In our world of constant interruptions and crises, it can be difficult to find time to address the critical tasks and projects that fall into the category often referred to as “Q2”. These are the things that in mapping out priorities get put into the second quadrant, which is reserved for those tasks that are important but not necessarily urgent. We become victim to the tyranny of the urgent. Our time and our lives become dominated by addressing whatever emergency has popped up that day. It’s easy for those things that belong in the third quadrant (tasks that are urgent but not necessarily important), to masquerade as a top priority.
There are many ways to re-organize your priorities to focus on what truly should be at the top of the list. Sometimes that involves accepting that there will missed be opportunities in the short term in order to focus on what is more important long-term. Other times, it means needing to hand-off the urgent task or re-assess whether the task is as urgent as first believed.
It’s especially true in the area of IT that there are many risks from not properly understanding organizational priorities. Most companies today have business-critical information systems and infrastructure that allow them to conduct business. When those systems are down, the ability to take orders, process payments, or fulfill commitments to customers can come to a halt---a situation both urgent AND important.
However, maintaining these vital systems can sometimes take a backseat to whatever fire the IT department is putting out on a given day. If a user has a problem that’s preventing them from doing their job (or sometimes a user is just making a lot of noise), and your business-critical system that’s used by hundreds of users is humming along on the other side of the building without any apparent problems, there’s a strong pull to neglect the planning and maintenance that’s needed to keep that system humming along, in favor of helping the one user. The problem is, there will always be fires to put out and that neglected planning and maintenance can result in a system going down, which then prevents everyone from doing their job.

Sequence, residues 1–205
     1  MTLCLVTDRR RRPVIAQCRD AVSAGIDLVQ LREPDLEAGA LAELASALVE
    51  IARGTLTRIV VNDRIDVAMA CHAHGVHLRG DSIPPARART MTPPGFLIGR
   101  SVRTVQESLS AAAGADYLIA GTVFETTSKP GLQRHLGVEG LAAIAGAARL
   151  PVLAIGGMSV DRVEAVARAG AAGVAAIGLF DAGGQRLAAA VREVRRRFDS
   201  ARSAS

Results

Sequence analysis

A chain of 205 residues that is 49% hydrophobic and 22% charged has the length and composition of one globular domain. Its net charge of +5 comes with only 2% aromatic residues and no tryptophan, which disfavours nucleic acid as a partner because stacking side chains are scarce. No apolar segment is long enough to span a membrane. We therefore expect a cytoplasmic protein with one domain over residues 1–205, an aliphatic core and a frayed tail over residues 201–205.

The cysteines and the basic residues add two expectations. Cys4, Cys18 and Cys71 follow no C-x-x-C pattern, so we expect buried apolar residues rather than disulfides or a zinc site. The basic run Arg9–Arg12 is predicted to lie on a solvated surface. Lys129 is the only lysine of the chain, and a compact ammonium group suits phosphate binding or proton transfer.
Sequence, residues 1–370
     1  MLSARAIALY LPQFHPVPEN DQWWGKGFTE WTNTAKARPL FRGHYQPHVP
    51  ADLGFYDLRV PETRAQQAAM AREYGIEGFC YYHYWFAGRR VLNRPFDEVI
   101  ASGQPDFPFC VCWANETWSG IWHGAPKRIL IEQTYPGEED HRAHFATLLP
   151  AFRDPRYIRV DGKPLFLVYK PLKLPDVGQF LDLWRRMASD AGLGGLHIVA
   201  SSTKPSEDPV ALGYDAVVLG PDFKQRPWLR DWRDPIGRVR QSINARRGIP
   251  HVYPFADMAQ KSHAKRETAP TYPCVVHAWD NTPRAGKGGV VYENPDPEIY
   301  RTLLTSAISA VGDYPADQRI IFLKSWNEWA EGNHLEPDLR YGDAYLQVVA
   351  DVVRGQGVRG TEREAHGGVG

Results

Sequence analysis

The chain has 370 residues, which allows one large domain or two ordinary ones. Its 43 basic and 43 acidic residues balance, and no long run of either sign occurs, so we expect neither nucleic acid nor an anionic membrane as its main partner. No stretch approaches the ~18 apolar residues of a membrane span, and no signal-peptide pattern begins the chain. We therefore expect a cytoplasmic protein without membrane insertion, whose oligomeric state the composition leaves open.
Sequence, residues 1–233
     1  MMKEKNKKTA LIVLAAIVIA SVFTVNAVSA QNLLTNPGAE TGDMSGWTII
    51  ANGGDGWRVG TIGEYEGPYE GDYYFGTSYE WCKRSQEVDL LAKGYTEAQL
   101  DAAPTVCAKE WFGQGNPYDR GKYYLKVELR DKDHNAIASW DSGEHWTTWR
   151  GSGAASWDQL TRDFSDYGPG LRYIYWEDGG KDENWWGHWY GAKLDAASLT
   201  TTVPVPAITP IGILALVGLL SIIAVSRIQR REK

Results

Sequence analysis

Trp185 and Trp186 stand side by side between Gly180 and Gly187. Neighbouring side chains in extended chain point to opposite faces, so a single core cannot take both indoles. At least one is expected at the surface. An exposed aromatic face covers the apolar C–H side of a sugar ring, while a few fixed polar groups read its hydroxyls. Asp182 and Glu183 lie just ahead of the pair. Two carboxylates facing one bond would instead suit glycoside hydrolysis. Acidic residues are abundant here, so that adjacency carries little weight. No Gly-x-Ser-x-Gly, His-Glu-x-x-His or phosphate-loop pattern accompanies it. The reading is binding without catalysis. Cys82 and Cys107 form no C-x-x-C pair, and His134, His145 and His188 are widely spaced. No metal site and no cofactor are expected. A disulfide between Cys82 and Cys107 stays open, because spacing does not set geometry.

Are you doing the planning and maintenance needed to ensure your business-critical Advantage system stays up and running? Are you applying updates on a frequent basis? Do you have a disaster recovery plan that’s been tested and updated from time to time? When was the last time you assessed the security of your system?
In working with a multitude of clients over the years, I’ve seen many situations where planning and maintenance has been neglected. When it’s caught in time, I’ve had the pleasure of seeing clients become well-prepared to handle unfortunate situations that arise. Even more importantly, clients have been able to prevent such unfortunate situations from happening in the first place. I’ve also had the displeasure of needing to help clients who weren’t prepared and as a result were urgently trying to get their business back up and running. This has run the gamut from the lack of functioning database backups, to being hacked due to neglecting to apply security updates, to lost custom source code files when a disk failed. (Did you know that custom source code files are typically stored only on your server rather than at AdvantageCS?)
With the experience that we at AdvantageCS have had helping clients with such concerns over the years, we’re always happy to help you review what’s in place to keep your Advantage system up and running. We’ve helped clients implement solutions to address many common concerns, such as utilizing cloud-based source control or hosted servers. There are also many gaps that can be filled just by some planning and simple automation. If you haven’t taken advantage of these valuable services lately, why not contact your account manager at AdvantageCS to get the process moving?